This is the final post in a five-part series on missioneurs, a new community of startup and social entrepreneurs.

The premise is that startup entrepreneurs and social entrepreneurs need each other. Alone, too many of their great ideas are struggling and failing. Together, they can fill in each other’s blind spots, build stronger companies and make greater change.[Missioneurship image]

A new post in this series will be published every day this week. Blog subscribers will receive them one day early by email or RSS.

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In this series, I’ve been talking a lot about bringing startup and social entrepreneurs together. Now it’s time to do it.

We’ve talked about how our startups and non-profits are dying needless deaths. Our startups are masters of execution. Our non-profits are masters of mission. Each is focusing on one at the expense of the other.

Alone they are struggling. Together, they can become unstoppable mission-driven entrepreneurs (or missioneurs for short).

They run their companies like causes and their causes like companies. They know exactly why they exist, and they execute like hell.

They each have almost everything they need to change the world. Everything except each other.

That’s why we so desperately need to bring them together. Read more…

This is the fourth post in a five-part series on missioneurs, a new community of startup and social entrepreneurs.

The premise is that startup entrepreneurs and social entrepreneurs need each other. Alone, too many of their great ideas are struggling and failing. Together, they can fill in each other’s blind spots, build stronger companies and make greater change.[Missioneurship image]

A new post in this series will be published every day this week. Blog subscribers will receive them one day early by email or RSS.

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Entrepreneurs become unstoppable when they see the world through both eyes. That is, when they become more than a startup entrepreneur and more than a social entrepreneur.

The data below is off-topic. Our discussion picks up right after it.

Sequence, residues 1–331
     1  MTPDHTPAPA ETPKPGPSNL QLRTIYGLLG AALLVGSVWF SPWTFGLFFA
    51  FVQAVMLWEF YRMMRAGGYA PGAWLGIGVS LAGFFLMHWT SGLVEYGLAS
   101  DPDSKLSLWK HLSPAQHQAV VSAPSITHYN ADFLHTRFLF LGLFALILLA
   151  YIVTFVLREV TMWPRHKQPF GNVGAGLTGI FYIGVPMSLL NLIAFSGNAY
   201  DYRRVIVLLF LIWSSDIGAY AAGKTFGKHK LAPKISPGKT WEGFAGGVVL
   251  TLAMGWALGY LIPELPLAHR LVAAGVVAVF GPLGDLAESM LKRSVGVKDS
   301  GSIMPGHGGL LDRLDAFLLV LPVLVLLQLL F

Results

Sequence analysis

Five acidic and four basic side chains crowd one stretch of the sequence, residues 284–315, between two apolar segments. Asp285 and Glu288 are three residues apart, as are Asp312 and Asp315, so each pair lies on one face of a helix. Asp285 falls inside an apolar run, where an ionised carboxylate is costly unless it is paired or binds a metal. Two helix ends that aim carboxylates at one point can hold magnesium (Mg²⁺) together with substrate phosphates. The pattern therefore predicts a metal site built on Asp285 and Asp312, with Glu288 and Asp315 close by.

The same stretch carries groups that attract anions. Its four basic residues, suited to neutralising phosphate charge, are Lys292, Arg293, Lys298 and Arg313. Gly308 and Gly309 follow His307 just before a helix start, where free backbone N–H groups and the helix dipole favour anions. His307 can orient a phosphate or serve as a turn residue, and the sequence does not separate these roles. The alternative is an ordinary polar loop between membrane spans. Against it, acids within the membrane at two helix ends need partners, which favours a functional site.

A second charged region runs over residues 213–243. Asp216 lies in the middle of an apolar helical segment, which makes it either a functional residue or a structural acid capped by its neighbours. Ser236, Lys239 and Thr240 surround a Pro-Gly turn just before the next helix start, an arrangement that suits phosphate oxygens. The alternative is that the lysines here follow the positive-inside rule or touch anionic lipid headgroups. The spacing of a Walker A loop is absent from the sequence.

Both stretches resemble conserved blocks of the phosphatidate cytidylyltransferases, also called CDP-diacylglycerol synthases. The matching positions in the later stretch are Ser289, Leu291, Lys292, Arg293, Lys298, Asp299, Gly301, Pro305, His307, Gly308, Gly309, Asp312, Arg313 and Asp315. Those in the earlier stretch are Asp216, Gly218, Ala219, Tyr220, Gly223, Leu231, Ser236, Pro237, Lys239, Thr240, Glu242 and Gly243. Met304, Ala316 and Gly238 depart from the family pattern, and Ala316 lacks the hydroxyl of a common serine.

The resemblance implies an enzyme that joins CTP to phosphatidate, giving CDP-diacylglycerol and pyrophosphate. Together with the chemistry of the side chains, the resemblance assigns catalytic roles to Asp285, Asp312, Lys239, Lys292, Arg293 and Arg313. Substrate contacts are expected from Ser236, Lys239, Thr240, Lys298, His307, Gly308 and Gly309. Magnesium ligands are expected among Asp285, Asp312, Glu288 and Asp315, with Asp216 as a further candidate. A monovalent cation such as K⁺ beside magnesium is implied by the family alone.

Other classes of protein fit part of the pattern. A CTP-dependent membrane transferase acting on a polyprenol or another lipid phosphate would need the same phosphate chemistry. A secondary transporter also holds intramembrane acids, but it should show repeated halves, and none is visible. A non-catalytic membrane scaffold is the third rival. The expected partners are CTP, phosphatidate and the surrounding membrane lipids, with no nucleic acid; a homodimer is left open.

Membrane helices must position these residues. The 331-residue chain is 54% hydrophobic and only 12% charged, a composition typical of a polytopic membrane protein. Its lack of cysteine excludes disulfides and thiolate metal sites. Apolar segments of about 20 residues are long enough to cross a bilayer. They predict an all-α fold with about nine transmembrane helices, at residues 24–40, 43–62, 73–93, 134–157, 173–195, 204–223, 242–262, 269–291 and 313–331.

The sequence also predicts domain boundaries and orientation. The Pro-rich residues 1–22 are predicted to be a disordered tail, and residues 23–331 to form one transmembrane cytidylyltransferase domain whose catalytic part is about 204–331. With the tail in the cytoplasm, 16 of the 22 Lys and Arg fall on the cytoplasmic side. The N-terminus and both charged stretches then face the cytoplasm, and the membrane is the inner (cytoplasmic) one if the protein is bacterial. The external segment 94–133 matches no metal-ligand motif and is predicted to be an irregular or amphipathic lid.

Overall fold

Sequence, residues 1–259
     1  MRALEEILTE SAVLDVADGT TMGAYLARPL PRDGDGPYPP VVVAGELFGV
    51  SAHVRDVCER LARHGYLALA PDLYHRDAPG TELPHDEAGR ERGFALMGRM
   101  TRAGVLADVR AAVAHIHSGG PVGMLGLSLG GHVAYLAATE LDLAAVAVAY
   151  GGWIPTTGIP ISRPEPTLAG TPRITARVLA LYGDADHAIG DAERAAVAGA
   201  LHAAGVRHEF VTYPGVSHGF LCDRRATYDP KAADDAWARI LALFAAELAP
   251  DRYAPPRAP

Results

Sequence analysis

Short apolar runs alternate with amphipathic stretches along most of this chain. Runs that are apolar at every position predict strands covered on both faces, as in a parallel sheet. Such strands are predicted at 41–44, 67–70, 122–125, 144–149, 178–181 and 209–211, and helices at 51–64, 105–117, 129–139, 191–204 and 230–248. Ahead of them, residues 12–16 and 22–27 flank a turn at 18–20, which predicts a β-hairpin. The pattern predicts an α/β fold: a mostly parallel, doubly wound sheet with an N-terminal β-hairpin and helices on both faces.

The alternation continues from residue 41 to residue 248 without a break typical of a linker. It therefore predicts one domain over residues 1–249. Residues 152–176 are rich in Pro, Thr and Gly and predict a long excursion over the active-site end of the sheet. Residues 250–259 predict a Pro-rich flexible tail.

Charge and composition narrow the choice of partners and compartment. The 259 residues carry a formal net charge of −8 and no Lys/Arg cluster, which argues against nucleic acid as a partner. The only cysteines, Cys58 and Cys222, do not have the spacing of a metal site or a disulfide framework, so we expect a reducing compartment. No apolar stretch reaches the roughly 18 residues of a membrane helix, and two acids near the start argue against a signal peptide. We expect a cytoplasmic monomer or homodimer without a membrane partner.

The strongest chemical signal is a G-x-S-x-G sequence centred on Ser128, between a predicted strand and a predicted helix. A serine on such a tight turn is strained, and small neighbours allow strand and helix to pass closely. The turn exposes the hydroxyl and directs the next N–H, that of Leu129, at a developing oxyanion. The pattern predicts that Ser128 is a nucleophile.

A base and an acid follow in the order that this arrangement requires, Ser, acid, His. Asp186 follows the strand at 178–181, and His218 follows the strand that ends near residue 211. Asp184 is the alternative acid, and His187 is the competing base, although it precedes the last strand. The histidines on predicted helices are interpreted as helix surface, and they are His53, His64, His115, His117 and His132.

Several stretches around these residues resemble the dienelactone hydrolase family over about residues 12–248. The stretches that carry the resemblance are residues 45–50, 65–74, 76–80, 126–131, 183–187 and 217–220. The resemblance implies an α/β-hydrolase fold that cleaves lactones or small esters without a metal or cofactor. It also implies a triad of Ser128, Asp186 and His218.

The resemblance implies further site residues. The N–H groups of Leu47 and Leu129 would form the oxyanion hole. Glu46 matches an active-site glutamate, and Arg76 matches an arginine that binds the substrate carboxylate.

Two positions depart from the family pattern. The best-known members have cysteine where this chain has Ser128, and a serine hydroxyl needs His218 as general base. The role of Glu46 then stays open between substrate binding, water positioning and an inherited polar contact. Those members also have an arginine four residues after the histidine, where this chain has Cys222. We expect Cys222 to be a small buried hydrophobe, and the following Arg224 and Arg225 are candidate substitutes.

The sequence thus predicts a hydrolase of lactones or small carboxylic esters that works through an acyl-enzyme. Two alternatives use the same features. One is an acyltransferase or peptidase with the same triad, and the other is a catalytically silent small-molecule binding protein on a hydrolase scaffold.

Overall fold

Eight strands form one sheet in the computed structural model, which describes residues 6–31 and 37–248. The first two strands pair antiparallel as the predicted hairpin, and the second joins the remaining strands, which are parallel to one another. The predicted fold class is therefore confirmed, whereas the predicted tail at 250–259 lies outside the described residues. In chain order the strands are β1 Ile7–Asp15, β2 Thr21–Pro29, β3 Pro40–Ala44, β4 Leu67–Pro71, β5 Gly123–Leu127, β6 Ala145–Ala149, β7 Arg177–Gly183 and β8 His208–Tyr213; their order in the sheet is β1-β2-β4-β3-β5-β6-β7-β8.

This is the premise of missioneurship.

Earlier in this series, we talked about the social entrepreneur’s obsession with mission at the expense of execution. We also talked about the startup entrepreneur’s obsession with execution at the expense of mission.

The results are often fatal. We lose startups and social causes that don’t have to die.

That is, unless we do something about it. Read more…

This is the third post in a five-part series on missioneurs, a new community of startup and social entrepreneurs.

The premise is that startup entrepreneurs and social entrepreneurs need each other. Alone, too many of their great ideas are struggling and failing. Together, they can fill in each other’s blind spots, build stronger companies and make greater change.[Missioneurship image]

A new post in this series will be published every day this week. Blog subscribers will receive them one day early by email or RSS.

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Yesterday, we discussed the startup entrepreneur’s obsession with execution at the expense of ideas and the crippling effect this has on their marketing, sales and HR.

Now let’s talk about social entrepreneurs, who have the opposite problem:

Social entrepreneurs are obsessed with mission at the expense of execution.

This is a blessing and a curse.

It’s a blessing because their mission can be a very faithful guide. It defines what services they provide, how they make decisions, how they communicate to donors and constituents and how they build their teams. Read more…

This is the second post in a five-part series on missioneurs, a new community of startup and social entrepreneurs.

The premise is that startup entrepreneurs and social entrepreneurs need each other. Alone, too many of their great ideas are struggling and failing. Together, they can fill in each other’s blind spots, build stronger companies and make greater change.[Missioneurship image]

A new post in this series will be published every day this week. Blog subscribers will receive them one day early by email or RSS.

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Yesterday, we discussed the epidemic of startups and non-profits dying needlessly – and why it’s time to do something about it.

Now let’s talk about the startup half of the epidemic, beginning with the single biggest reason why so many promising startups end up in the deadpool: the obsession with execution at the expense of ideas.

Ted Leonsis, former Vice Chairman of AOL, said it best in a speech at the 2007 Wharton Entrepreneurship Conference.

“Ideas are a dime a dozen. It’s all about execution.”

The same advice could just as easily have come from dozens of the most respected thinkers on startup entrepreneurship. Read more…